Whenever you have a lot of different people working on a project together, there need to be some basic rules or guidelines to keep everyone on the same page. This page covers the basics of what Torontopedia Etiquette is
Humour is encouraged. That being said, we also want to be the 'Torontonian's guide to Toronto". There is a balance somewhere in there, God Alone knows if we'll ever find it. When in doubt, make the joke anyway, and someone will let you know if it's out of line.
Commenting on Edits
Always supply a comment to describe what change you made to a page, even if the comment length is longer than the change itself. The comments summarize the changes and can be examined in the change-log for a page. It is much easier to find a specific change (a fictional example might be the deletion of the website for a business) if the change log included a comment that indicated that specific change. Include minor changes in comments so the search for a specific alteration can skip those entries.
Fact and Opinion
Separate fact and opinion. This seems to be more of an issue on pages about businesses where an author will praise or disparage an establishment based on their own opinions. Facts include things like location, decor, and prices — try to keep the factual part of a description bias-free, somewhat positive, or at least friendly. Opinions include the quality of services, details of an individual visit, or basically anything where another individual might have an entirely different experience. Opinions are best expressed in a Comment. Feel free to add a Comment block to the page if it's lacking one.
Talk, Talk Talk
Feel free to edit anything at will, but you have to realize that the 'revert' option is easy to use, so you should comment on edits if you feel they need to be justified.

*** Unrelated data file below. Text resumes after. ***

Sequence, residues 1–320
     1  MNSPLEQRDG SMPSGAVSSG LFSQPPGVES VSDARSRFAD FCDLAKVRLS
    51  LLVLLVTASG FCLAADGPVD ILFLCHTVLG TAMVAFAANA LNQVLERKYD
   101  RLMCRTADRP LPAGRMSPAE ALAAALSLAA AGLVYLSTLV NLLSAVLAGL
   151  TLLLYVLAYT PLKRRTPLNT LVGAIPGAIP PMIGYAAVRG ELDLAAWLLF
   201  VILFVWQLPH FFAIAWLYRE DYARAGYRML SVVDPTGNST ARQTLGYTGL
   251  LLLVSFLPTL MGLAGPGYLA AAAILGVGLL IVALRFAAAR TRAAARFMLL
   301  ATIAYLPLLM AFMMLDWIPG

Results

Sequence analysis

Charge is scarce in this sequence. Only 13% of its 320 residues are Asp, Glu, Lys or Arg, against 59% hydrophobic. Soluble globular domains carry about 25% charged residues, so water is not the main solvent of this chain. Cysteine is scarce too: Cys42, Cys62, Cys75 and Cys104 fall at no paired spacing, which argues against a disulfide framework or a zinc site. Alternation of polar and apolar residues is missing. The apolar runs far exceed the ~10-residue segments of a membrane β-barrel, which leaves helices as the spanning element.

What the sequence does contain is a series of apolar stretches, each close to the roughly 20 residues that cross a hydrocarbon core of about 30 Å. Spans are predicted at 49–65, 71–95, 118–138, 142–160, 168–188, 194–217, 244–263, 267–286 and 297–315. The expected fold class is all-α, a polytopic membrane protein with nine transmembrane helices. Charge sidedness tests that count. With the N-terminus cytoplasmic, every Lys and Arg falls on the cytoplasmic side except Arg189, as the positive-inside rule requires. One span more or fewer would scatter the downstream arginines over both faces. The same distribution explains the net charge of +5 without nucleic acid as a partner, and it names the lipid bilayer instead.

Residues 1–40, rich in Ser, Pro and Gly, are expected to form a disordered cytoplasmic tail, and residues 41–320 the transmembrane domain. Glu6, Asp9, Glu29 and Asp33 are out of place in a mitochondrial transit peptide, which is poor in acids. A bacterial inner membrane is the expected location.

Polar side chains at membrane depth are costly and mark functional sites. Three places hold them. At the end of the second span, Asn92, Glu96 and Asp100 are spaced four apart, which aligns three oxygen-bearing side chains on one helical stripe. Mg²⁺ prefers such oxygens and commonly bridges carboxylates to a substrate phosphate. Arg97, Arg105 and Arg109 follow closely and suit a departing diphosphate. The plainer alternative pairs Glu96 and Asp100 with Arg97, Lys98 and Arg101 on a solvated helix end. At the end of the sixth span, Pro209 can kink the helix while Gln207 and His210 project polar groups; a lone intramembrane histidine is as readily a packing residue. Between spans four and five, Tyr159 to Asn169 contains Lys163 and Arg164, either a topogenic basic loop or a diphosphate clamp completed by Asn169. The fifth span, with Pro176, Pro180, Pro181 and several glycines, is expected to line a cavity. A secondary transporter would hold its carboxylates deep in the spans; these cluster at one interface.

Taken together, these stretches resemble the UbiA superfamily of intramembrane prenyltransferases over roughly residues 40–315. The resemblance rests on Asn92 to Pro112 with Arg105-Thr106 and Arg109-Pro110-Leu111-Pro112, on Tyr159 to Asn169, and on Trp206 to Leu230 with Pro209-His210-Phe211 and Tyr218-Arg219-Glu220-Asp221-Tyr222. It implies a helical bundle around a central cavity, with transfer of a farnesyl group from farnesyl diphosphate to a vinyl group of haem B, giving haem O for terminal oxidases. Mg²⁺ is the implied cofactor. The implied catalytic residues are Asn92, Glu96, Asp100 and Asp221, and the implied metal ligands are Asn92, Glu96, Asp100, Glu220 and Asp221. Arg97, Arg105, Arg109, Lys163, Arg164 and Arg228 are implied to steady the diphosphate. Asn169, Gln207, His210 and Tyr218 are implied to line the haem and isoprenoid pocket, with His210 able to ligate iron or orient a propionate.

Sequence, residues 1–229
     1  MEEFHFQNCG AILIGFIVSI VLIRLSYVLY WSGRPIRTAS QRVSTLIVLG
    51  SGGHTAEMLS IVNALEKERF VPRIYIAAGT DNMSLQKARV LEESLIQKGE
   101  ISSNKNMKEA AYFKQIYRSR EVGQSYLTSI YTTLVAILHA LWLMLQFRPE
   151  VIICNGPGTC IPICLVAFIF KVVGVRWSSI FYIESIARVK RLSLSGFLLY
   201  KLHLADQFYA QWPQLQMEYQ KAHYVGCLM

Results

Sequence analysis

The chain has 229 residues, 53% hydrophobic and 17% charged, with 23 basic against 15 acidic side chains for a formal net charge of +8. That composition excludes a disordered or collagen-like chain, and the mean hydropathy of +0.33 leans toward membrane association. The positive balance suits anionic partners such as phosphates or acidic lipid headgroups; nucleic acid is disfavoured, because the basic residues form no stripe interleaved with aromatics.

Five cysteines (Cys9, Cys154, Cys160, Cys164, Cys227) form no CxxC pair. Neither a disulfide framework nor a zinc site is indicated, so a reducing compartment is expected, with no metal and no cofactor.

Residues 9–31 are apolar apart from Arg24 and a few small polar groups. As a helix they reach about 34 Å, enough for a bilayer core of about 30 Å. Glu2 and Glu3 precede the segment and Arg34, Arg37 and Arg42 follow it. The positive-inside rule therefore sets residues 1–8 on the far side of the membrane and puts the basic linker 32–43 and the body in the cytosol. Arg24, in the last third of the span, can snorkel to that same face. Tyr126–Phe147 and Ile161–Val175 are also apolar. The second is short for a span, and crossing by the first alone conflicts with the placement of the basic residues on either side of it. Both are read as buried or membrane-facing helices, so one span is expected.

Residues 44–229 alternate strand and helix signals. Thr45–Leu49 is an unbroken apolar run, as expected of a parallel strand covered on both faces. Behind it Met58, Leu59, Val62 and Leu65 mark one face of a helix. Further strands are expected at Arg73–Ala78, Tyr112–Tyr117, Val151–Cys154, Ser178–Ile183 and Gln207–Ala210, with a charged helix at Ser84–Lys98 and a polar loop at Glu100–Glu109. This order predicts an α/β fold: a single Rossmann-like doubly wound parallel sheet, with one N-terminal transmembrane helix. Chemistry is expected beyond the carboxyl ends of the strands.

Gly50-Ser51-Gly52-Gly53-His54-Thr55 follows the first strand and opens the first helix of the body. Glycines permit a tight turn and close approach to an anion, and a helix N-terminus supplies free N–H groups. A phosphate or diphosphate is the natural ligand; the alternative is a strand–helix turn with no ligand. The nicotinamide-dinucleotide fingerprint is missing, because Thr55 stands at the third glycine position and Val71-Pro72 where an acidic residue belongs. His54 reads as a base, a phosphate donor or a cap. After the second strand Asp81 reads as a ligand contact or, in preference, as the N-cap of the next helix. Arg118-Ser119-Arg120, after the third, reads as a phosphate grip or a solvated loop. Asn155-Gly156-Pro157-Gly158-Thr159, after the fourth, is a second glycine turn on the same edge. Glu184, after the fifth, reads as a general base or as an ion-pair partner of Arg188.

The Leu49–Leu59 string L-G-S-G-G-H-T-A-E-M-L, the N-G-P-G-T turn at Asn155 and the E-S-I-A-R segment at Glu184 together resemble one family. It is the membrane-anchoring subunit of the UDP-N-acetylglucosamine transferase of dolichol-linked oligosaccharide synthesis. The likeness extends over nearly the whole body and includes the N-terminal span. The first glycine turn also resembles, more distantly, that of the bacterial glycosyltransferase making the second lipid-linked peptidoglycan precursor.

If you see something of opinion you disagree with, comment on it in the Talk section before you just edit or edit it then leave a comment. There is nothing worse than seeing something you saw as OK changed, and not understanding why someone had a problem with the sentence or paragraph.
Editing to Add More Information
Edit pages to add more information rather than remove information. If you find a factual error, you may wish to note it as a misconception and explain why it's wrong rather than just deleting it. Avoid removing facts just to parallel the structure of other pages — start updating the other pages instead. In cases where a page needs to be cleaned up, try to move whole sentences and paragraphs instead of rephrasing: you may miss a piece of information that was important to someone else and it will seem like you arbitrarily deleted it.
Neutral Point of View is often abbrivated to NPOV. There are different meanings to this abbreviation on different wikis, and in newspapers or other media. In our case the section Fact and Opinion above covers out needs pretty well. As the wiki expands, and more people join, we may need to expand the definition, but things have gone well so far.
One of the formerly "unspoken rules" of Torontopedia is that each user's comments are their own. Nobody else should edit those comments. If you disagree with an opinion expressed in a comment, just add a comment with your own opinion. This of course implies that it is also inappropriate to edit other users' comments for grammar, spelling, etc. The only acceptable edit to someone else's comment is to "wikify" page names if another page was mentioned in the comment. This enhances the interconnectedness of the wiki. Malicious editing of other users' comments is potentially a bannable offense.
Editing your own page
Torontopedia has 'user pages' (currently just the username) for users to have a page about themselves where they put information. For users that are a 'public figure' or public figures that are NOT users, it's generally good form to not edit your own page. In the near future, there will be a Users section for wiki users, separate from the please-don't-edit-about-yourself 'person' page. If you are a user, and a moderately public person, please put your "user" page as "User/WikiUserName", and leave the Your Name (With Spaces) page alone.
We don't have an official policy, but we will do allow contributors to remove/close pages for people if they are not reasonably a 'public' figure (ie, not in the news, no newspaper article on them, not the head of a community group, company, etc) if they are asked. For public figures, the page usually end up staying after a discussion.